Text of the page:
Australia’s national science agency developed a tool that aims to map a region’s emotional landscape by pulling geotagged tweets and analyzing their content. If we’re tweeting the words “fuck,” “rain,” and “Memorial Day” frequently here in New York, for instance, it might indicate some state of general dissatisfaction about the coming weekend.
New Scientist explains:
Researchers at Australia’s national science agency, the CSIRO, and the Black Dog Institute in Sydney, created an emotional vocabulary of about 600 words and confirmed their meaning by crowdsourcing responses from over 1200 people. They built an app that filters tweets by location and linguistically analyses their emotional content. The output is an interactive graph of the target region’s mood. It shows how much each of seven emotions are being expressed in that region.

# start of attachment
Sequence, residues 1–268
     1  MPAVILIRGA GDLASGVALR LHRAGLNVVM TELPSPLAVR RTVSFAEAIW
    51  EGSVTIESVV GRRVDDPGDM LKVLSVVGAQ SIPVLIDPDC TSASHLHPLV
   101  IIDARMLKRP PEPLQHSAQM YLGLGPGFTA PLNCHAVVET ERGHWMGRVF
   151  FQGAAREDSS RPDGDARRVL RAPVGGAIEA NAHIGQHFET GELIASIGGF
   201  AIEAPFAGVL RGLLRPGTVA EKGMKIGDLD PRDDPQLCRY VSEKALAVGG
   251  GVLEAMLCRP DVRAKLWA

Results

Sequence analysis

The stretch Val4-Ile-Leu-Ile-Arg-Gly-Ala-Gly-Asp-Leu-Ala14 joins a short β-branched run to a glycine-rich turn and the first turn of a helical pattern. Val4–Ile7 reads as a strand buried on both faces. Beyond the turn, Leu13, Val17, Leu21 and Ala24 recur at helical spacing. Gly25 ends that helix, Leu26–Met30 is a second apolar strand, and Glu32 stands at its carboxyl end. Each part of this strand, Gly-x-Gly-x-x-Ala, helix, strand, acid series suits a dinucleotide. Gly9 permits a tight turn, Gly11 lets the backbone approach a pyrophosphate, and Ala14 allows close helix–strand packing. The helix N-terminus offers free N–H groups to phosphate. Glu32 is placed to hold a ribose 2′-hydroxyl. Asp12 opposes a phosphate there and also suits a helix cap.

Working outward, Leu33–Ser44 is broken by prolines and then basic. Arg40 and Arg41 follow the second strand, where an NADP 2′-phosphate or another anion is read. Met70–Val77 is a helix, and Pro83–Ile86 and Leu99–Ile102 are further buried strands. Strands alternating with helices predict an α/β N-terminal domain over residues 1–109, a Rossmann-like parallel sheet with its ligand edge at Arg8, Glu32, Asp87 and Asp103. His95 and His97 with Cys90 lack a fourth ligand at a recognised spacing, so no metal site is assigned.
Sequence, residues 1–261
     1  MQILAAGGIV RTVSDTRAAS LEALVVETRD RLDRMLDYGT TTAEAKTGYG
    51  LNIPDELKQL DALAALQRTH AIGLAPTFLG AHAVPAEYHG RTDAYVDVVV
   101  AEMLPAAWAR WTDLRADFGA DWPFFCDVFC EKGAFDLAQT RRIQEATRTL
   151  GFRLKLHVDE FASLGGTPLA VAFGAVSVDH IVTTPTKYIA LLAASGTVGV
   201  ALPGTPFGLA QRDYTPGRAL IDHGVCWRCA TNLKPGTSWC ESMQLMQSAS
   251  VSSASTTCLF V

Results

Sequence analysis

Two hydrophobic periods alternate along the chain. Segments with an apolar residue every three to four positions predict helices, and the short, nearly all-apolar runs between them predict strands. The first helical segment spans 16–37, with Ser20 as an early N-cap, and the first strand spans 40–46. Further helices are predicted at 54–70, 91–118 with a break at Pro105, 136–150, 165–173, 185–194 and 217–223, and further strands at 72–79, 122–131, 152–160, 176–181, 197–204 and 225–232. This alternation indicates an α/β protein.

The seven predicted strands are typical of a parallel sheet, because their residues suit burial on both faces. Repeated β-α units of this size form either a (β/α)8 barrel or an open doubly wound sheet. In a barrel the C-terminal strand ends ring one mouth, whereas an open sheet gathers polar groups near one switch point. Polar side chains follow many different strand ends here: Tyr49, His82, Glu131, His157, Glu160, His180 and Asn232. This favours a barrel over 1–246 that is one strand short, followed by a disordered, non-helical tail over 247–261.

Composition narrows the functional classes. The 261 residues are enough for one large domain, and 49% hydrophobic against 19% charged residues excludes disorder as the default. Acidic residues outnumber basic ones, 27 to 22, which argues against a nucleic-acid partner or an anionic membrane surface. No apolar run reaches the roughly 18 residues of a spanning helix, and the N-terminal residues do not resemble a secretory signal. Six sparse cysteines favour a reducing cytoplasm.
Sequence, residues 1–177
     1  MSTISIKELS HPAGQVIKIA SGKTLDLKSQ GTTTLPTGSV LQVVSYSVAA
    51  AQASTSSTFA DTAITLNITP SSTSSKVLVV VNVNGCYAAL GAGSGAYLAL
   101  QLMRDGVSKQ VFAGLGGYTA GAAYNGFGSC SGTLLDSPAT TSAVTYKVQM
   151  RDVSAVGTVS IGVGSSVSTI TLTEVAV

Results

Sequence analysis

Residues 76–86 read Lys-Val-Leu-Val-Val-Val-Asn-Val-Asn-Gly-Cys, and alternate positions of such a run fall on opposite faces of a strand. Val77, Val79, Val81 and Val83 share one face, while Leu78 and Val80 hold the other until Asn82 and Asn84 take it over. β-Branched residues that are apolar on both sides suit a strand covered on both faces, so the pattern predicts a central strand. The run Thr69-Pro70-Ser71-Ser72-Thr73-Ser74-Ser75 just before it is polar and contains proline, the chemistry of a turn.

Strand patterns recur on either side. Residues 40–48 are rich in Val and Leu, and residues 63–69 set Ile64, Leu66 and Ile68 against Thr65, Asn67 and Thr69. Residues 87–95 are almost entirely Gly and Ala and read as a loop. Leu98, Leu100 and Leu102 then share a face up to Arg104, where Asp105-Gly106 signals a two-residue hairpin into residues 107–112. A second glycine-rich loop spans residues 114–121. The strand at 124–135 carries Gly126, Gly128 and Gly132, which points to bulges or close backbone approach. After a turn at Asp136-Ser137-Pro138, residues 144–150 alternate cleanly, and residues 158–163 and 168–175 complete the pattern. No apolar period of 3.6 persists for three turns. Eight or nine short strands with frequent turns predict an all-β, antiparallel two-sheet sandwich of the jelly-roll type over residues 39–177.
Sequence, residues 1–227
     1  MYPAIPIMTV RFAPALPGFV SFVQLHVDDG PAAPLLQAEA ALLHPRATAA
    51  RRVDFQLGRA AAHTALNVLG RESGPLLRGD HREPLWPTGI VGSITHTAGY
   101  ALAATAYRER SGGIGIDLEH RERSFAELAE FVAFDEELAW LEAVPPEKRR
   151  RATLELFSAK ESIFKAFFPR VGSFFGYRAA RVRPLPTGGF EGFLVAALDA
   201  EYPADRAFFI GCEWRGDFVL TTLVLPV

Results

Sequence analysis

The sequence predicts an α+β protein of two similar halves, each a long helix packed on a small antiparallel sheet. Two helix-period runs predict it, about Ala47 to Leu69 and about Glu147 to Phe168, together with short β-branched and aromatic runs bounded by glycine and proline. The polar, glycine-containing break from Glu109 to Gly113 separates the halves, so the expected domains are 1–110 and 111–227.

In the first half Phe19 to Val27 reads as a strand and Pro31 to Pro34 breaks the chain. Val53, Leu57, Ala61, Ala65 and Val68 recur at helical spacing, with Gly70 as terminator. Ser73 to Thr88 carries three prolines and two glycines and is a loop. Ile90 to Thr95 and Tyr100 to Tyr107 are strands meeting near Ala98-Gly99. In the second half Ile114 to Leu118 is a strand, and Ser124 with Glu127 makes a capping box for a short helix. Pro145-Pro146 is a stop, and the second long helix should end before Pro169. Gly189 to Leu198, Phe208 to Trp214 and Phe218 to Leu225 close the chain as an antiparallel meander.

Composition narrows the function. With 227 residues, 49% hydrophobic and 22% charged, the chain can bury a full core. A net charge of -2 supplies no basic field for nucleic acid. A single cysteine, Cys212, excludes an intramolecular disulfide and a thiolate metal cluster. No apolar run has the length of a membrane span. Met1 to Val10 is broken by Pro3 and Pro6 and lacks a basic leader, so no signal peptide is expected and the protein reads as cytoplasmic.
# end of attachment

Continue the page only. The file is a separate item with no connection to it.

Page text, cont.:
The question is whether tweets are a good indication of how people are actually feeling. Not everyone is on Twitter, after all, and the emotions we express in tweets might be more polarized than what what’s accurate. How many of these people are actually having suicidal thoughts?
“One would presume that there would be these triggering events that people could observe. Then you’d have a system in place to address these things that are happening. If there’s a storm coming in, you wear your rain coat or batten down the hatches,” James Rosenquist, a Harvard psychologist, told New Scientist. “Using social media you could see an emotional storm.”